Sensory matching is an evidence-based strategy for replacing repetitive self-injurious behavior with an alternative activity that provides similar sensory input. Sensory matching is consistent with the evidence-based behavioral intervention of (NMS) non-contingent matched stimulation (Davis et al. 2013). Behavioral and sensory modulation theories are integrated in the sensory matching strategy to functionally replace repetitive self-injurious behavior with desirable sensory activities embedded into daily home and school routines. Before using the sensory matching strategy it is important to assure that the function of problematic repetitive behavior is non-social (e.g., sensory) reinforcement.
In treatment planning for a non-verbal 3-year old with intellectual disabilities demonstrating repetitive finger sucking that caused skin breakdown I began by using the (QABF) Questions About Behavior Function. Through understanding the function of his problematic behavior using the QABF the sensory matching strategy can improve self-injurious behavior engaged in for sensory (e.g., non-social, automatic) reinforcement. Replacing self-injurious behavior with safe, equivalent sensory stimulation activities, referred to as matched sensory input, is a proven strategy for improving self-injurious behavior (Davis et al., 2013). I also took a baseline on the frequency of the problematic finger sucking behavior so I could objectively assess the efficacy of intervention (Mays et al., 2011).
His QABF results indicated that the primary function of his finger sucking behavior is non-social (e.g., sensory, automatic) reinforcement.
Since he often did finger sucking as a form of self-stimulation and if he thinks no one is in the room (see items 3 & 8), it suggests that finger sucking was primarily done for sensory input, as seen in non-social being the highest total score. Since the behavior is being done primarily for non-social reasons, sensory processing theory is used to assess the sensory stimulation achieved through finger sucking and how it can be met safely.
From a sensory integration perspective repetitive self-injurious behavior is viewed as “a short circuit”, in which harmful repetitive behavior such as hand sucking does not provide the desired sensory input. Applying sensory processing theory assumes that finger wetness and touch inside his mouth are the primary sensory inputs received from finger mouthing (Dunn et al., 2016). The Sensory Profile (Dunn, 2014) and Trigger & Coping forms were administered.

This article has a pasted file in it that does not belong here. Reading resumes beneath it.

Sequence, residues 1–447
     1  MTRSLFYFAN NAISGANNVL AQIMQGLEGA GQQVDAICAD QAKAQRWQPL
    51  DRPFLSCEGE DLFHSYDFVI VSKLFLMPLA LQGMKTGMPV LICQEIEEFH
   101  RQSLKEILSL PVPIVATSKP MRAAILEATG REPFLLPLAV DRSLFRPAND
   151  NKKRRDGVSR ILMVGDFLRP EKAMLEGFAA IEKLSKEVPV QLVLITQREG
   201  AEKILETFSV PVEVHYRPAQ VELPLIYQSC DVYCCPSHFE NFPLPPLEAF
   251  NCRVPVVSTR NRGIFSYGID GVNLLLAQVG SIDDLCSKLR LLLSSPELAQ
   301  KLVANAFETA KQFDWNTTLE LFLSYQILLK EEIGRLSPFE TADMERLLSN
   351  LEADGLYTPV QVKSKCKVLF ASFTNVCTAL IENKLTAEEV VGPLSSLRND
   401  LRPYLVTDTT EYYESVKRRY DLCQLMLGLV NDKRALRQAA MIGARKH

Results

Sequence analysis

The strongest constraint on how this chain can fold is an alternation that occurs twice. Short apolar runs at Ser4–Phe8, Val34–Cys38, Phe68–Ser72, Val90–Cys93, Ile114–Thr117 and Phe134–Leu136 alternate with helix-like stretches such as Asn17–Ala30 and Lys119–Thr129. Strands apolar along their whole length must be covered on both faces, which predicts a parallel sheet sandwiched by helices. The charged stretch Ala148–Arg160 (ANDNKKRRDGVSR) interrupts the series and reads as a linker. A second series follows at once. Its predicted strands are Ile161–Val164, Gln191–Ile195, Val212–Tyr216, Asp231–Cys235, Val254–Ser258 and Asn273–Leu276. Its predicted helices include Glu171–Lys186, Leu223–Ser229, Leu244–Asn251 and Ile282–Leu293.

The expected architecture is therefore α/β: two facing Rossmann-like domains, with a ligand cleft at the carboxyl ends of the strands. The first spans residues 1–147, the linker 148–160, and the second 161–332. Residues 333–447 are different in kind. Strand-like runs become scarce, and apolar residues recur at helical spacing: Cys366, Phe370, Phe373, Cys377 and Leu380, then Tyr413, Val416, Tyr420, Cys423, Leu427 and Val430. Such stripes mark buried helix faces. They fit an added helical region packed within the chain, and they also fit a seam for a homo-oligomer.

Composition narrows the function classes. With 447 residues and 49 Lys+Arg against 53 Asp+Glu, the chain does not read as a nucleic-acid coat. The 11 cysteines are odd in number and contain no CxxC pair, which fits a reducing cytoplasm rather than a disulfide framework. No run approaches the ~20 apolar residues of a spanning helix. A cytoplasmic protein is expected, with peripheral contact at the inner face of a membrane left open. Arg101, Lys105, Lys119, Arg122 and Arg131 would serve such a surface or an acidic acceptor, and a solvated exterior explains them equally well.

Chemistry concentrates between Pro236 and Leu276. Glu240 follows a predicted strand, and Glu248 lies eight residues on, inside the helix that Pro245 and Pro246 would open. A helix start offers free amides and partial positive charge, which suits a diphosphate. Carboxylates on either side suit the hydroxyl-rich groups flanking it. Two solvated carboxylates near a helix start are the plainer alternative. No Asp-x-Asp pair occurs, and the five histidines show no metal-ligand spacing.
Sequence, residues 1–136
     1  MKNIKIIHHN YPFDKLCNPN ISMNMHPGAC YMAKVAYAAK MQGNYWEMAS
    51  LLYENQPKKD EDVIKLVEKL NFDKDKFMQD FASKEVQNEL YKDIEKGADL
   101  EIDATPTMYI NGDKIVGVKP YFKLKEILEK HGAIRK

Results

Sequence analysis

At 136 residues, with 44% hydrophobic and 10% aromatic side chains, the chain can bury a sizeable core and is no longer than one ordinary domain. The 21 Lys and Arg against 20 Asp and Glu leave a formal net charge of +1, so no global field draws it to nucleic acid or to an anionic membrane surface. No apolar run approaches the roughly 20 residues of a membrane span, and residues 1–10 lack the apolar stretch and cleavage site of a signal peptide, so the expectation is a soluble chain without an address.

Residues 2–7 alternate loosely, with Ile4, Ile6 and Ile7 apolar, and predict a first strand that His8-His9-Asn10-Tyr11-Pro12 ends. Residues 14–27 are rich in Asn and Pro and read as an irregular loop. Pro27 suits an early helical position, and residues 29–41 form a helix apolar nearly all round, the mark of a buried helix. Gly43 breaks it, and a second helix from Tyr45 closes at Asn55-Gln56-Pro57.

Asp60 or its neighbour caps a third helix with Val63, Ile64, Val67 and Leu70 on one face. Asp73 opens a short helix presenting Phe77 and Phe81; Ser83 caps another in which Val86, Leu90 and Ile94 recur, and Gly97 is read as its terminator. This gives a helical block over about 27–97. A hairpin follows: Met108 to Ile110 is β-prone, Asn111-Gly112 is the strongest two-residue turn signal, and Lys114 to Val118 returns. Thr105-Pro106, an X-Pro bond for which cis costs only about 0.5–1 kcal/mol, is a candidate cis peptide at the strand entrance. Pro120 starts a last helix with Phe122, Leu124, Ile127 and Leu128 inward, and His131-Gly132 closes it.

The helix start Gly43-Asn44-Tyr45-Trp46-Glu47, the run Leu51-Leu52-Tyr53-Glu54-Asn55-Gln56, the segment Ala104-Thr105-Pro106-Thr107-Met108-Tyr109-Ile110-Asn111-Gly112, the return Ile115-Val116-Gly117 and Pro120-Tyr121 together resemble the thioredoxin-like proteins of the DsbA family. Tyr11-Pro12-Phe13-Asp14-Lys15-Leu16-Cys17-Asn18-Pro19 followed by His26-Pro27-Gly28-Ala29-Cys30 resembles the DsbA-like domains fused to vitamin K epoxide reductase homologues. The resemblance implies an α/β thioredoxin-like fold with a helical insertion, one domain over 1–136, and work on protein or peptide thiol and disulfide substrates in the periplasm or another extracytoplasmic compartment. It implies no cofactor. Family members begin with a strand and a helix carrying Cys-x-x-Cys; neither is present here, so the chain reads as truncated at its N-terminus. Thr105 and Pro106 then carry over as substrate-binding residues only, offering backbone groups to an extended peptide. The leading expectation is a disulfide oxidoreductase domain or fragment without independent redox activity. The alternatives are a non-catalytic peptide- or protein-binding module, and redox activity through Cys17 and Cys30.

The Sensory Profile results showed a definite difference in sensory seeking, while his mother chose on the coping forms water play and a chewey as his favorite coping strategies. Using a preference assessment showed that his favorite activities providing finger wetness and touch input in his mouth were water table play and mouthing a chewey, respectfully. Consistent with a sensory integration approach these activities were embedded in his daily home and school routines so they could best be integrated in his day (Murray-Slutsky & Paris, 2014; Mays et al., 2011).
Water play and chewey use were embedded in the daily routine whenever he wanted them, providing (NMS) non-contingent matched stimulation. In addition, if he demonstrated reduced finger sucking he was given a favorite toy (e.g., a contingent reinforcer). After two weeks of consistent treatment finger mouthing was significantly decreased compared to baseline. This combination of behavioral and sensory strategies enables the sensory matching strategy to guide therapists in replacing problematic behavior.
Davis, TN, Dacus, S, Strickland, E, Machalicek, W, Coviello, L, 2013. Reduction of automatically maintained self-injurious behavior utilizing noncontingent matched stimuli. Developmental neurorehabilitation,16(3), pp.166-171.
Dunn, W, Little L, Dean E, Robertson S, Evans B. The state of the science on sensory factors and their impact on daily life for children: A scoping review. OTJR (Thorofare NJ). 2016;36(2_Suppl):3S-26S.
Dunn, W. Sensory Profile 2: Users Manual. Psych Corporation; 2014.
Matson, JL, Vollmer TR. User’s guide: Questions About Behavioral Function (QABF). Baton Rouge, LA: Scientific Publishers.
Mays NM, Beal-Alvarez J, Jolivette K. Using movement-based sensory interventions to address self-stimulatory behaviors in students with autism. Teaching Exceptional Children. 2011 Jul;43(6):46-52.
Murray-Slutsky C, Paris BA. Autism interventions: Exploring the spectrum of Autism. Hammill Institute; 2014.
More information on the Sensory Matching Strategy is given in my new book FAB Functionally Alert Behavior Strategies